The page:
I am not someone who screams that everything that goes into my body must be 100% organic and natural, but I do shy away from these foods knowing how many unnatural, man-made things are in what should be a natural food item.

Preservatives aren’t the only reason to homestead. Folks with gluten sensitivities and/or food-dye allergies can benefit from growing and preserving food themselves. For example, a lot of spices (like onion powder), have gluten added to them to keep the powder from clumping, meaning that someone with a gluten allergy cannot use many store-bought spices. However, a simple dehydrator and a food processor or blender can turn an organic onion into a gluten-free onion powder that’s safe for everyone. Most all store-bought yogurts and popsicles have food dyes in them that have shown to cause multiple issues, especially in kids; those can be completely eliminated by making your own at home. Even if you don’t have the ability, time, resources, or desire to grow it yourself, buy your fruits and vegetables from a local and organic farmer and provide yourself some peace of mind about what you are feeding your family.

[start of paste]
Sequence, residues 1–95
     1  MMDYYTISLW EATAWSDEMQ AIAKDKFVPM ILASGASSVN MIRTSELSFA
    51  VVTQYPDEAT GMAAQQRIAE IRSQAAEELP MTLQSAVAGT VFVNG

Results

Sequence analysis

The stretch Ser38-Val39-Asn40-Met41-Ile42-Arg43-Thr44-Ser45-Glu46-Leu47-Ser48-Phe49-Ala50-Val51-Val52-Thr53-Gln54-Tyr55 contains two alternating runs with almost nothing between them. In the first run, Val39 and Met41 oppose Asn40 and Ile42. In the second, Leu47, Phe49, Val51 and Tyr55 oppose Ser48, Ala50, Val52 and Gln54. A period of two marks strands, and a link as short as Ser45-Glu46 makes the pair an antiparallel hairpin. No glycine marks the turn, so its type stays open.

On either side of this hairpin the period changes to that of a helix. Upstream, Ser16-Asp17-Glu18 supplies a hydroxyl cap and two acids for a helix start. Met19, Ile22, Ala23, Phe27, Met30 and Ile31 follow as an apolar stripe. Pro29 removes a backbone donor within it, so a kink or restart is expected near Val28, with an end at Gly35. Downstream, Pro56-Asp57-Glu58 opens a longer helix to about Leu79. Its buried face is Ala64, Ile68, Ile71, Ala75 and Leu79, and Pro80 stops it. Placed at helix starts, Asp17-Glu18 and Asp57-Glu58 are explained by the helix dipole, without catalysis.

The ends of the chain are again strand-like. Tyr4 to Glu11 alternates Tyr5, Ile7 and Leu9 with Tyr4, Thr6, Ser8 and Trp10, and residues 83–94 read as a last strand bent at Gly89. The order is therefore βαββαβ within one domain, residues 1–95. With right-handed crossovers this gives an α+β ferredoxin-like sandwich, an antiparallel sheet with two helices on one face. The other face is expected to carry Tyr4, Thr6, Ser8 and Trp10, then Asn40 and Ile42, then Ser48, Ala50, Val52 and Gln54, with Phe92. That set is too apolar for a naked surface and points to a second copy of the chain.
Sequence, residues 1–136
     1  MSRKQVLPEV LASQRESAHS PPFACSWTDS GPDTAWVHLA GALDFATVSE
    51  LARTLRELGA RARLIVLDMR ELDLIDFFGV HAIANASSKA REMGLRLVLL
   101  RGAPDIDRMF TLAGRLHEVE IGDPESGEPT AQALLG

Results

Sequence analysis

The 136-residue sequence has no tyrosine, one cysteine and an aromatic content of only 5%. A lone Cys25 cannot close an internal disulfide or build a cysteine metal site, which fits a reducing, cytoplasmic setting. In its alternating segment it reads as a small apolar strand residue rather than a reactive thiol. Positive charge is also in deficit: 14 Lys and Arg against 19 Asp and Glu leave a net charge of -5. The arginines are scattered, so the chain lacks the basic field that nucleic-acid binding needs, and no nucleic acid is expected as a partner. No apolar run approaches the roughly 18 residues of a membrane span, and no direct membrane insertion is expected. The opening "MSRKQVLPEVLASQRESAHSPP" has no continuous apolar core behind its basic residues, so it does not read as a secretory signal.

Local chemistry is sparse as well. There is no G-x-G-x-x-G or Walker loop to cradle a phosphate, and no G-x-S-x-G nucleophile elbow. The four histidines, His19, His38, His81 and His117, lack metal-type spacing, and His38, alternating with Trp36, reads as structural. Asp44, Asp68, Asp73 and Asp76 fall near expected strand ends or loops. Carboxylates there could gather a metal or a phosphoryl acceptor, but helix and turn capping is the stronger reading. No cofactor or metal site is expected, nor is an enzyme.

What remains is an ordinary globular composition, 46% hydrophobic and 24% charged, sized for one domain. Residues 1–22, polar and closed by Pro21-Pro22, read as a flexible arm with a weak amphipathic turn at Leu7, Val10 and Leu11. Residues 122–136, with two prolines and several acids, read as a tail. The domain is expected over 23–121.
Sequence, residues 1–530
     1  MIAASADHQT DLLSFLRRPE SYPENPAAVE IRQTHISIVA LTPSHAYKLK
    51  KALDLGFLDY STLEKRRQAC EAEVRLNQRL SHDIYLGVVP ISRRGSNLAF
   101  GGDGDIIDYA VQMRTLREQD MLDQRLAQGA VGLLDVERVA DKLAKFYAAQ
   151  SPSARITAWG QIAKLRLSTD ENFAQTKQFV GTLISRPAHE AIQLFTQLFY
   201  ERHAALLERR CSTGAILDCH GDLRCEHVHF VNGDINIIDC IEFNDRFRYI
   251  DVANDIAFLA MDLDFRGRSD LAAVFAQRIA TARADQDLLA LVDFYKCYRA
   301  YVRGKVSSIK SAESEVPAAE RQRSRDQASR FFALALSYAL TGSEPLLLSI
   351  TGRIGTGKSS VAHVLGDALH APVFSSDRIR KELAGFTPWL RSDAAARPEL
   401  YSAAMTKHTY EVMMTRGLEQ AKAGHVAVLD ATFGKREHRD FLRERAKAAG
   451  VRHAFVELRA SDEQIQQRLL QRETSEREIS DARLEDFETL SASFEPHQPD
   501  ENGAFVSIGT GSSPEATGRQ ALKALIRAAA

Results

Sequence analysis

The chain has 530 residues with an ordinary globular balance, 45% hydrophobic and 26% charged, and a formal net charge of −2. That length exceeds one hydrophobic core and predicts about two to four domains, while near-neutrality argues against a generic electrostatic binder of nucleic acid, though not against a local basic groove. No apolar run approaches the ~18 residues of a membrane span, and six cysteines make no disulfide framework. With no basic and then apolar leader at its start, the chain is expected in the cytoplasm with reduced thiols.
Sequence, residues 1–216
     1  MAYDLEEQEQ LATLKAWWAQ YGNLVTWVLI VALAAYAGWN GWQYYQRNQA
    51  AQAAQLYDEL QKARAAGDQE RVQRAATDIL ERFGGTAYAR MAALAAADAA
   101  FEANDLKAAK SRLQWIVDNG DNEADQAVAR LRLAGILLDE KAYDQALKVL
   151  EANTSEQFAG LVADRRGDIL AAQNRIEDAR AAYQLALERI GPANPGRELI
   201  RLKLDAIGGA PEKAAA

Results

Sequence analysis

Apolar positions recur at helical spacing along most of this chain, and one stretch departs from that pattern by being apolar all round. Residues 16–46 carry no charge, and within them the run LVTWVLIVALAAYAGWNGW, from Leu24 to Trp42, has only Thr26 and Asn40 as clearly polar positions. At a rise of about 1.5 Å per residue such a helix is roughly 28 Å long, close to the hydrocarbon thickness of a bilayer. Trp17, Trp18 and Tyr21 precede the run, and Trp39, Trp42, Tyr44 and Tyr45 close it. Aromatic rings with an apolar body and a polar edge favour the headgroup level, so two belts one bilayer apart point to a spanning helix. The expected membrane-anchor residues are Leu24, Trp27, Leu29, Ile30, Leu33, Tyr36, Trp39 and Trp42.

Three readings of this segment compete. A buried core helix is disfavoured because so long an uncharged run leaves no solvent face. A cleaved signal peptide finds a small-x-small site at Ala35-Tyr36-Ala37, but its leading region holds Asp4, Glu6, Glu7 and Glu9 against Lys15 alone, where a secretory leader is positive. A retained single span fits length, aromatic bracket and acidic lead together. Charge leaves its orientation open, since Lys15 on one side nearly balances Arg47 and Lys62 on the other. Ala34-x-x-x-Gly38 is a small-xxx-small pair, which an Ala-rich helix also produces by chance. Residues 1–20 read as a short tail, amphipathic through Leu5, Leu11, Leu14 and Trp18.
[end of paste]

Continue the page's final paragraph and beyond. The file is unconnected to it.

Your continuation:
Rabbits take up little space.

Finally, that brings us to the last part of being a modern homesteader, and I think, the most fun part of homesteading as a whole. Homesteading isn’t just about growing or raising food. It’s about producing items on your own homestead.

In the food category, one by one, commit yourself to start making all your own homemade breads, all the mayonnaise and salad dressings your family consumes, all the tortillas, the yogurt, and more. Once you gain one skill, move on to the next. You will be surprised at how quickly you adjust. When making a sandwich, for example, your mind will quickly retrain itself to not reach for the jar of mayonnaise but reach for the egg carton and the oil so you can whip it up yourself. But it doesn’t stop there.

Learn how to dip your own candle sticks, make your own herbal tea blends, both medicinal and just for enjoyment, make your own soaps and shampoos, etc. All these things are easy and fun projects that not only give you new skills, but they also help cut out your dependence on the grocery stores, therefore cutting your grocery store bill drastically, making you increasingly independent.

Homemade soaps.